On The Surgery
occasion pressure; they are to be soft and not thick; and all these
things are to be proportionate to the length, breadth, and thickness
of the part affected. The splints are to be smooth, even, and
rounded at the extremities; somewhat less all along than the upper
bandaging, and thickest at the part to which fracture inclines.
Those parts where there are tuberosities, and which are devoid of
flesh, such as the ankles or fingers, we must guard from the splints
which are placed over them, either by position, or by their shortness.
They are to be secured by the strings in such a manner as not to
occasion pressure at first. A soft, consistent, and clean cerate
should be rubbed into the folds of the bandage.
13. As to the temperature and quantity of the water used, its heat
should be just such as the hand can bear, and it ought to be known
that a large quantity is best for producing relaxation and
attenuation, whereas a moderate quantity is best for incarnating and
softening. The limit to the affusion is, to stop when the parts become
swelled up, and before the swelling subsides; for the parts swell up
at first, and fall afterward.
14. The object on which to (the limb?) is laid should be soft,
smooth, and sloping upwards toward the protuberant parts of the
body, such as the heel or hips, so that there may be no projection,
nor bending inwards, nor turning aside. The canal (spout or gutter?)
should rather comprehend the whole limb than the half of it, attention
being paid to the injury and to whatever else appears to create
15. The presentation of the injured part to the physician, the
extension, the arrangement, and so forth, are to be regulated
according to nature. What is nature in these operations is to be
determined by the accomplishment of the object which we have in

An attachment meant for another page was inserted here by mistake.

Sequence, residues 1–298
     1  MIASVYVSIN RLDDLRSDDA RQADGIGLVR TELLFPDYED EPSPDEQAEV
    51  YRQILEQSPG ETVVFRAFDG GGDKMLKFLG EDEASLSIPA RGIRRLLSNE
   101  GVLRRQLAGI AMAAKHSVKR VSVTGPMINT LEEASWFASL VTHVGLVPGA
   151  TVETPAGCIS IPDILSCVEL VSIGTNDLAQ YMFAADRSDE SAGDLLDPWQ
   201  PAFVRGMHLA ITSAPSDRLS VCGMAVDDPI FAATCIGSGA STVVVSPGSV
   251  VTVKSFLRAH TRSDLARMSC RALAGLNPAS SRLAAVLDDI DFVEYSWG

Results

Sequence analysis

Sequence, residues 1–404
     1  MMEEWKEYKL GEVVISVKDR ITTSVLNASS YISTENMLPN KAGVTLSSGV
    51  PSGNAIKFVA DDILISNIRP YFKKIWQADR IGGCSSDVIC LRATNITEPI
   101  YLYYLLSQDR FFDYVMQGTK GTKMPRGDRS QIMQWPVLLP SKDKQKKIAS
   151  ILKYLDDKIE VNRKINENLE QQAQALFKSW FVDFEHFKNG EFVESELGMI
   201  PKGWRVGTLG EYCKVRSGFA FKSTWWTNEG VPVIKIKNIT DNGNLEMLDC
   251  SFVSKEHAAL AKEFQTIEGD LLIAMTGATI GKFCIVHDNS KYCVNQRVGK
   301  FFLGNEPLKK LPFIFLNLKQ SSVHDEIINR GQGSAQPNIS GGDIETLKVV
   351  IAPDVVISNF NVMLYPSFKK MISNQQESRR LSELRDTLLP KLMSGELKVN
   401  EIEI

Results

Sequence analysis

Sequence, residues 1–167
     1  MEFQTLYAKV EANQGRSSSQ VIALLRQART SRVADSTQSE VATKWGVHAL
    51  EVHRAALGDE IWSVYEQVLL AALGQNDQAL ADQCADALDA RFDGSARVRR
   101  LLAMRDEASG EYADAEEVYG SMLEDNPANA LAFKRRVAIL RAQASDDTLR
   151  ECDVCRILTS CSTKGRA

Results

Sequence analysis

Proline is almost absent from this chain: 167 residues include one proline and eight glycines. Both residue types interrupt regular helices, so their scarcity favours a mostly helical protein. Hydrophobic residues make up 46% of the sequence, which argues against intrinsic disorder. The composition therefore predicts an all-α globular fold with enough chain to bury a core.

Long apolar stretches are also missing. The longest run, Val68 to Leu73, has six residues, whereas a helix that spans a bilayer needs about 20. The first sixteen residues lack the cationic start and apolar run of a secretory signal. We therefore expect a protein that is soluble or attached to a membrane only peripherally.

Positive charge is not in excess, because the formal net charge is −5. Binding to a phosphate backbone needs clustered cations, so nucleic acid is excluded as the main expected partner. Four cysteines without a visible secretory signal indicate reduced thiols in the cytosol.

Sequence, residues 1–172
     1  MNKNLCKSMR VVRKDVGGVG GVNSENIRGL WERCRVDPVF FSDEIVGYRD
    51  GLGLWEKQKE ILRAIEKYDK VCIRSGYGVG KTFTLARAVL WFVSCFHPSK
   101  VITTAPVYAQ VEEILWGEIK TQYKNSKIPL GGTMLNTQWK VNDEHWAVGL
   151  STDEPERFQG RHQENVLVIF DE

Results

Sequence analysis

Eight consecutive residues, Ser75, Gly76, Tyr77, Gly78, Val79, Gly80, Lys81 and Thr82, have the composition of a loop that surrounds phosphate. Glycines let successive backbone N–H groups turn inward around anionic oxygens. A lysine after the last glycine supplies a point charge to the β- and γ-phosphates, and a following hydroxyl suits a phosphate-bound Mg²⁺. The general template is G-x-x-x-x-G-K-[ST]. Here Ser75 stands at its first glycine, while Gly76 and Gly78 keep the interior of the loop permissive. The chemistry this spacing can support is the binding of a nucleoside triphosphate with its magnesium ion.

view, and for this purpose we must look to the part in the state of
rest, in its middle state, and to habit; in regard to the state of
rest and relaxation, as in the arm, that it be in a line with the
hand; and with regard to the medium between flexion and extension,
that the forearm be at right angles to the arm; and with regard to
habit, it should be considered that some limbs bear certain
positions preferably, as, for example, the thighs extension; for in
such attitudes the parts can best bear to be placed for a considerable
time without a change of posture. And in the change from the state
of distention, the muscles, veins, nerves, and bones, when properly
arranged and secured, will preserve their relations to one another
while the limb is raised or placed.
16. The extension should be most powerful when the largest and
thickest bones, or when both are broken; next when the under-bone, and
least of all, when the upper. When immoderate, it is injurious, except
in the case of children. The limb should be a little elevated. The
model by which we judge if the part be properly set is the sound
part of the same name, or the part which is its pair.
17. Friction can relax, brace, incarnate, attenuate: hard braces,
soft relaxes, much attenuates, and moderate thickens.
18. The following should be the state of matters on the first
application of the bandage. The person to whom it has been applied
should say that he feels the compression particularly at the seat of
the injury, but very little at the extremities; the parts should be
adjusted but not pressed together, and that rather by the number of
the bandages than by the force of the constriction; and the
tightness should rather be on the increase during the first day and
night; but on the next it should be less, and on the third the
bandages should be loose. On the next day a soft swelling should be
observed in the extremities; and on the third day, when the
bandaging is loosed, the swelling should be found diminished in
size, and this should be the case every time the bandages are removed.
At the second application of the bandage, it should be ascertained
whether the dressing has been properly done, and then greater
compression should be made, and with more bandages; and on the